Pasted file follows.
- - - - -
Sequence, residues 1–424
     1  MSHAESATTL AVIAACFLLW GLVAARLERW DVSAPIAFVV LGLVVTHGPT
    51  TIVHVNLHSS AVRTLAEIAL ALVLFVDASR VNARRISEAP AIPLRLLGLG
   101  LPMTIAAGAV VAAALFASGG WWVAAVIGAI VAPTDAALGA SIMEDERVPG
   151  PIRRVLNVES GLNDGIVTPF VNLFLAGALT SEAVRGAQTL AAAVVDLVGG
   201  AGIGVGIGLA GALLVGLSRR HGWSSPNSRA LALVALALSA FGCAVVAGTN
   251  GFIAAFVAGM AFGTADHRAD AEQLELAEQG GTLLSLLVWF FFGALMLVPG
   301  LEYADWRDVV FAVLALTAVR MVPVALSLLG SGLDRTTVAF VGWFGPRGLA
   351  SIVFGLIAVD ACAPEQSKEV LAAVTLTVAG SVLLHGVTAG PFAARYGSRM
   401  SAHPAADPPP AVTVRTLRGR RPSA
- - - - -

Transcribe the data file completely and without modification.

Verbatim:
Sequence, residues 1–424
     1  MSHAESATTL AVIAACFLLW GLVAARLERW DVSAPIAFVV LGLVVTHGPT
    51  TIVHVNLHSS AVRTLAEIAL ALVLFVDASR VNARRISEAP AIPLRLLGLG
   101  LPMTIAAGAV VAAALFASGG WWVAAVIGAI VAPTDAALGA SIMEDERVPG
   151  PIRRVLNVES GLNDGIVTPF VNLFLAGALT SEAVRGAQTL AAAVVDLVGG
   201  AGIGVGIGLA GALLVGLSRR HGWSSPNSRA LALVALALSA FGCAVVAGTN
   251  GFIAAFVAGM AFGTADHRAD AEQLELAEQG GTLLSLLVWF FFGALMLVPG
   301  LEYADWRDVV FAVLALTAVR MVPVALSLLG SGLDRTTVAF VGWFGPRGLA
   351  SIVFGLIAVD ACAPEQSKEV LAAVTLTVAG SVLLHGVTAG PFAARYGSRM
   401  SAHPAADPPP AVTVRTLRGR RPSA